Pope is now majoring in violin performance at Boston University. “We weren’t able to get the backdrop to stand on its own since it was particularly windy that day and our driveway is sloped, so my parents stood behind the backdrop to hold it up,” he says.

The entire process took about 15 to 20 minutes per student. Annabelle Bowman, a freshman studying dance performance and dance education at Rutgers University, recalls the sessions as “fast and furious.”

“It was clear that Matt wanted to get to know each student and personalize their photo in a way that was meaningful. He also had to balance that against the practical reality of having over 400 seniors to photograph,” she says. Picking what to do in her photo was easy: “I have been dancing my whole life,” she says, mostly ballet. So in her photo, she’s doing a piqué turn.

Tara Hall, now a freshman studying physics at Franklin & Marshall College, wore her prom dress and carried a battle-ax, which she’d made herself for a costume she wore to Katsucon, an anime fan convention held in Washington, D.C. (she dressed as Scarlet from Fire Emblem, which also required making armor).

“I already had the dress, and since prom isn’t really a thing anymore, I may as well put it to good use,” she says. Her mother helped her pick out what to hold. “We figured the contrast between the big battle-ax and the soft, flowy prom dress would be cool to look at.”

Henry Hoagland chose to wear his Junior ROTC uniform because of how much the experience meant to him in high school. He was the second in command at the Arlington County JROTC unit.

“My unit became like a second family to me, as I was generally spending three to five hours a day with them, and I knew I had to show that in Mr. Mendelsohn’s project,” says Hoagland, now in the Navy ROTC at Virginia Tech, majoring in chemical engineering.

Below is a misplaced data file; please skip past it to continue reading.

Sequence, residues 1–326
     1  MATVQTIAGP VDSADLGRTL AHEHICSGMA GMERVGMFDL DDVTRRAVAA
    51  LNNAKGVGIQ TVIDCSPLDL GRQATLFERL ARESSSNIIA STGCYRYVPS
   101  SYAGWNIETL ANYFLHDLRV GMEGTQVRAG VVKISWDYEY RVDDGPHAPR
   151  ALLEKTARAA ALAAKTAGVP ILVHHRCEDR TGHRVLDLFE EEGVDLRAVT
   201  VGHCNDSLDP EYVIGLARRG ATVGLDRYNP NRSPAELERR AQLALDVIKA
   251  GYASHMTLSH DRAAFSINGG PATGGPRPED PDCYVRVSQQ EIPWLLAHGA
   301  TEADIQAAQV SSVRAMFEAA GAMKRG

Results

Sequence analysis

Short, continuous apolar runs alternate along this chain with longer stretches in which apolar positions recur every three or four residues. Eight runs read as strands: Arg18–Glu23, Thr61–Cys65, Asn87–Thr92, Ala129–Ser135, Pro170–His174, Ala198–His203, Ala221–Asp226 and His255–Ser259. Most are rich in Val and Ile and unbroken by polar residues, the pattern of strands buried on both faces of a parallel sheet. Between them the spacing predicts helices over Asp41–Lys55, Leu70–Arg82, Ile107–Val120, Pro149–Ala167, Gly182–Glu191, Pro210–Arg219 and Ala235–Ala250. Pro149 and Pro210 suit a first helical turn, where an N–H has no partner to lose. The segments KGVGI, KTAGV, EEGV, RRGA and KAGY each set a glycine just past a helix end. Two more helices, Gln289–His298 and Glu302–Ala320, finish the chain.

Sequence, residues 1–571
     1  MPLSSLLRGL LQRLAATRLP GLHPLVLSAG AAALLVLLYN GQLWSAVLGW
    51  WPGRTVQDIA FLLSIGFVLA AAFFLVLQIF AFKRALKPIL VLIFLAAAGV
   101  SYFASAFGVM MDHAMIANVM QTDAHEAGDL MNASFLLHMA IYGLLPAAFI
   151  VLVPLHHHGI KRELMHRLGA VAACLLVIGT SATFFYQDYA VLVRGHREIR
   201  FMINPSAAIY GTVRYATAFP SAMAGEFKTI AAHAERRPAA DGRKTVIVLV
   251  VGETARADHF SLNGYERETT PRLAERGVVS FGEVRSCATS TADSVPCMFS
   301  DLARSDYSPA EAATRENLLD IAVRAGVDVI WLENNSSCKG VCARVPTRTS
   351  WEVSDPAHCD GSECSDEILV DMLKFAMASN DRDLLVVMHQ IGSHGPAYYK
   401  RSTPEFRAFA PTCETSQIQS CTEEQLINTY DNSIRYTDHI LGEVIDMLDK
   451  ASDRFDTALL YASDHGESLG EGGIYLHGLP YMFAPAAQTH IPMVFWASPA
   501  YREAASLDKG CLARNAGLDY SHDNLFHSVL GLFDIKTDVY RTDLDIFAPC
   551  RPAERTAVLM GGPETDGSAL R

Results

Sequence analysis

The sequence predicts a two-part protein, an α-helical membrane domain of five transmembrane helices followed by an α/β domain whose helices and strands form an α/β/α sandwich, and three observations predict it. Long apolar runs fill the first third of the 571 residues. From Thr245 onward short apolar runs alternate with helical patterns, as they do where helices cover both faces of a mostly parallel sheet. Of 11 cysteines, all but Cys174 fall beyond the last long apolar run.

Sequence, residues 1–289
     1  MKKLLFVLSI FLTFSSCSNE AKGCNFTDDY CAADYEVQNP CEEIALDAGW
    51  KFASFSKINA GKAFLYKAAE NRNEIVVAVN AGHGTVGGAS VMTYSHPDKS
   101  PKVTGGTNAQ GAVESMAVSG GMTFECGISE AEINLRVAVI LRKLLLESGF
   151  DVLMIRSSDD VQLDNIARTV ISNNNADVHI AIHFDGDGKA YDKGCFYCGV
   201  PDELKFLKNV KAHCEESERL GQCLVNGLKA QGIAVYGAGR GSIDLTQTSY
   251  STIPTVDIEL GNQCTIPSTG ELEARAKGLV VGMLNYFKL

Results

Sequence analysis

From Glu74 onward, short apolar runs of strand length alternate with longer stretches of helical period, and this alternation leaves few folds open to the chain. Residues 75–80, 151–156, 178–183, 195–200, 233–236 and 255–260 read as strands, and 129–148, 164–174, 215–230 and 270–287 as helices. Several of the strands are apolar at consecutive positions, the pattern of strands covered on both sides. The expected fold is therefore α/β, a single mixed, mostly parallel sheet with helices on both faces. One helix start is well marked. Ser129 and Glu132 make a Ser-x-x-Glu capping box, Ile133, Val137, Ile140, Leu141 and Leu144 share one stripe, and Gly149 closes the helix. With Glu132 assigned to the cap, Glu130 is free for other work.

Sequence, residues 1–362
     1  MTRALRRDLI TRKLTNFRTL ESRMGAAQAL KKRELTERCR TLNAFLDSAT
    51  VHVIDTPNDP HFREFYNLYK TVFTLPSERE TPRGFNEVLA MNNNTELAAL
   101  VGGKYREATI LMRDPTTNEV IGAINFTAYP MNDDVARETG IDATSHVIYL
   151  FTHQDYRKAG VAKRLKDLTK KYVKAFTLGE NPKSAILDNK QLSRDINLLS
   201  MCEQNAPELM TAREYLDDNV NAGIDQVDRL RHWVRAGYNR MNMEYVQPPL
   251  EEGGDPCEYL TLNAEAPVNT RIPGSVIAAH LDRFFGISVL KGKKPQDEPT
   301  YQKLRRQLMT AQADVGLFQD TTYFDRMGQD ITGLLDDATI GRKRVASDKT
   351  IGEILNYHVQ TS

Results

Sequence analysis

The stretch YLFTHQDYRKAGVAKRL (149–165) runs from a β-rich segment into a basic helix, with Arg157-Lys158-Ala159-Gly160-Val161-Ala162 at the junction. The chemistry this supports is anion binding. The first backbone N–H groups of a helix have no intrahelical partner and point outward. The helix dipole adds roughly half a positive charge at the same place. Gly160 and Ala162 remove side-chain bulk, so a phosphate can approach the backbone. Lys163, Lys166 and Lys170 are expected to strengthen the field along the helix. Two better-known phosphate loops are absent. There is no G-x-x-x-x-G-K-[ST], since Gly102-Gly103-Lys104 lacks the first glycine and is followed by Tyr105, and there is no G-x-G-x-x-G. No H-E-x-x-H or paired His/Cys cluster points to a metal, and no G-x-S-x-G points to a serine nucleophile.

What started out as a small volunteer project for Yorktown High School’s pictures didn’t stay local for long. At first, Mendelsohn posted the photos to his own Instagram account, then created for the project. He’d ask students to answer three questions (What did you do? Where are you headed? And what do you love?), and post the answers with the pictures.

It went viral. News outlets from NBC’s Today to The Washington Post and NPR to the BBC covered the project. A German television station even called. “I’m getting emails from people in Australia saying they’ve heard about the Yorktown seniors,” he says.

While Mendelsohn was surprised by the attention, he says publicity isn’t why he took on the project.

“It was a fun way to do something for these seniors who were getting lost in the shuffle,” he says.

As for what’s next, Mendelsohn says he doesn’t know. Events haven’t come back to the level they nearly were, but he says that the Yorktown High project has introduced him to hundreds of people in his community who will need a photograph at some point.

It’s also given him a shake-up — in a good way.

“I had more fun doing (the project) than in the last 10 years of weddings and portraits,” he says. “We were doing something important to these seniors, and I’ve found that I’m being creative in ways I hadn’t been for a long time.”

Posted in: Arts & Culture, Harpur